This article will teach you what you need to know about Uninsured Motorist Property Damage (UMPD), and why it may be a missing part of your auto insurance coverage. By doing a simple search on the Internet, you can find tons of articles relating to uninsured motorist coverage for auto insurance.
However, the vast majority of the articles only focus on uninsured motorist bodily injury (UMBI), which is only a part of uninsured motorist coverage. Often overlooked and unmentioned is the uninsured motorist property damage (UMPD) part of coverage. For those of you who only carry liability coverage, this is something you need to look into.
What is uninsured motorist property damage coverage?
The best way to explain how UMPD works is to give an illustration:
Let's say you're driving through an intersection and someone runs a red light and hits your car. It is clearly their fault, and there is significant damage to your vehicle. Normally, that driver's liability coverage will pay for the damages to your car up to the value of the vehicle.
But what happens if the driver does not carry liability coverage as he/she is required to by law? That is where uninsured motorist property damage (UMPD) kicks in. UMPD will pay for the damage to your vehicle up to the vehicle's value or level of UMPD coverage, whichever is less. UMPD usually carries a $250-300 deductible with most auto insurance companies.
Who does UMPD coverage apply to?
For the states in my territory, this article mostly pertains to Ohio and Indiana drivers that carry only liability coverage on their vehicle. For Virginia and West Virginia drivers, UMPD coverage is already required. So as long as you're legally insured you already have this coverage. For the states of Michigan and Pennsylvania, there are no laws on the books. And thus very few, if any companies offer UMPD coverage.
Who does UMPD coverage NOT apply to?
Anyone who has collision coverage (a.k.a. "full coverage"). UMPD coverage is already included as part of collision coverage. This makes UMPD coverage null and void once you have collision coverage.
Are there any loopholes regarding uninsured motorist property damage coverage?
Yes. There is one downside that uninsured motors property damage coverage does NOT cover. And that is hit-and-run drivers who cannot be identified. In order to be covered by an unidentified hit-and-run driver, you need to be carrying collision coverage.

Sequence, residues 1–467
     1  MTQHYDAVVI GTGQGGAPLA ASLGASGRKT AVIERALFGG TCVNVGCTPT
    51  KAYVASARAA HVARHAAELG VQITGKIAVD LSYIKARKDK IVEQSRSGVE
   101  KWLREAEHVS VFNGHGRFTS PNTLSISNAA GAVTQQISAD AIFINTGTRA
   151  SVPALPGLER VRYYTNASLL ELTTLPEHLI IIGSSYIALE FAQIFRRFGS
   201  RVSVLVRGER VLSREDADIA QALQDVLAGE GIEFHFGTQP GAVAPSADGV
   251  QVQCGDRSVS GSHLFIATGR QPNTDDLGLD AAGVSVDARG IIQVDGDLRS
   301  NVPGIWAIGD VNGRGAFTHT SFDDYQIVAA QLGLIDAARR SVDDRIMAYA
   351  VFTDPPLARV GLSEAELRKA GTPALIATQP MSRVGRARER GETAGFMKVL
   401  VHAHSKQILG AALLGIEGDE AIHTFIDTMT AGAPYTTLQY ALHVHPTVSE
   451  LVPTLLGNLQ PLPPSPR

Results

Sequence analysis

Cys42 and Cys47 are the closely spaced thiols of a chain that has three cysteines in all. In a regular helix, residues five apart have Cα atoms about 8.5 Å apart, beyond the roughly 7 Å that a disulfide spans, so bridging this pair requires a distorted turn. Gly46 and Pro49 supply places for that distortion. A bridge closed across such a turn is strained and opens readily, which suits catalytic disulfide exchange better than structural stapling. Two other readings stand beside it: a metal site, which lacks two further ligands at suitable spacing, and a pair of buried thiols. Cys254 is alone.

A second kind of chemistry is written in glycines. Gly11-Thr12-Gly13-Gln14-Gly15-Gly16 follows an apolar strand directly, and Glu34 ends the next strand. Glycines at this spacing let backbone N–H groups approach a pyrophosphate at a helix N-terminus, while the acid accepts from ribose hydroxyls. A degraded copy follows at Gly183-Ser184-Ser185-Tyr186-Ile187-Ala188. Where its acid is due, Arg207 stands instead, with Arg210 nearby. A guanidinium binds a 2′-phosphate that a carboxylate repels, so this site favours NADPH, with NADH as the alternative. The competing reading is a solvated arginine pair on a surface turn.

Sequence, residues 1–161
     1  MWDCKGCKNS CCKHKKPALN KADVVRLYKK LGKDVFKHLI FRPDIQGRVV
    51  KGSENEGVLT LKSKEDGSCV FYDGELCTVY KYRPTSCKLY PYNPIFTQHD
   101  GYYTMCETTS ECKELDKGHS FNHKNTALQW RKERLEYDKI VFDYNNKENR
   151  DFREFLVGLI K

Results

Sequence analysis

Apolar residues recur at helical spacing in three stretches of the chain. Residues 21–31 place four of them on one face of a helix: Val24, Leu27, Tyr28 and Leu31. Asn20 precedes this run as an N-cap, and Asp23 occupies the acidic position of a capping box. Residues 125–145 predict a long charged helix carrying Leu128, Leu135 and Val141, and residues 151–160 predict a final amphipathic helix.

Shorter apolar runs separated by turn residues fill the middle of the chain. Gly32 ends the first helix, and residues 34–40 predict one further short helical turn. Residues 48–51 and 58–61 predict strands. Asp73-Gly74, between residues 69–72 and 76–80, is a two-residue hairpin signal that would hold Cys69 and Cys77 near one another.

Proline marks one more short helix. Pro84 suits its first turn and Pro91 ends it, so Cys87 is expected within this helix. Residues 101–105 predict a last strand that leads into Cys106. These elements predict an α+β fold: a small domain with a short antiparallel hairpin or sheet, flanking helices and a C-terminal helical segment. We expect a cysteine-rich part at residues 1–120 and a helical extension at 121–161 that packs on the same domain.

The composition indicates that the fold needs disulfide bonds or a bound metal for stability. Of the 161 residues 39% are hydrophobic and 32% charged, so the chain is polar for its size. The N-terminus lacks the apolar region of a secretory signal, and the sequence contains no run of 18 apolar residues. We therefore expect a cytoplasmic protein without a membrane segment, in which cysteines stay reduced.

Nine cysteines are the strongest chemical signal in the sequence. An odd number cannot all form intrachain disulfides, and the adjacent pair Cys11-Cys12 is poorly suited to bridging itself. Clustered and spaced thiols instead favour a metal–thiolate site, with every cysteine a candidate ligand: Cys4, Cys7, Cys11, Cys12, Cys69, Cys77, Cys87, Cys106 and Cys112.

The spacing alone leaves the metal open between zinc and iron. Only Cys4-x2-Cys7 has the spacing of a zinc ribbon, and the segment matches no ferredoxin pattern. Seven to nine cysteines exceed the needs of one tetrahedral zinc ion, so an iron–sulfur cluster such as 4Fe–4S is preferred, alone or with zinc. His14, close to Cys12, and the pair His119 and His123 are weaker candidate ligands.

How much does UMPD coverage cost?
That's the good news! UMPD coverage is very cheap. That's why for any driver that only carries liability coverage on their auto insurance policy, I highly recommend it. How cheap? For most vehicles it is only about 1 to 2 dollars extra per month, per vehicle on an average auto insurance policy. I've seen it as low as $0.50 a month but I rarely ever see it go in any higher than 5 dollars a month.
Should I select higher levels of UMPD than the minimum that is offered?
NO! I believe you should only take the minimum amount of coverage offered on UMPD.
The reason: Because the lowest coverage amount an auto insurance company will offer you for uninsured motorist property damage coverage is $7500 (some companies have UMPD minimums ranging from 10-25 thousand).
Any vehicle worth more than $7500 should be carrying collision coverage. It's not worth it to risk a vehicle of higher value with only uninsured motorist property damage coverage. Accidents happen. UMPD will not cover you if you are at fault in the accident. Only collision coverage will do that.
Let me make one thing clear: Uninsured Motorist Property Damage should by no means be considered a substitute for Collision coverage:
With that being said, I realize that many older vehicles have depreciated in value to where having collision coverage isn't worth the premium. These are the vehicles that should have UMPD coverage! Even with the loopholes noted above, they are still worth having because of the price. And because of the fact that 1 in every 6 (higher in some states) drivers on the road are uninsured.
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Dan Lyles is an Independent Insurance Agent serving Ohio, Indiana, Michigan, Pennsylvania, Virginia and West Virginia..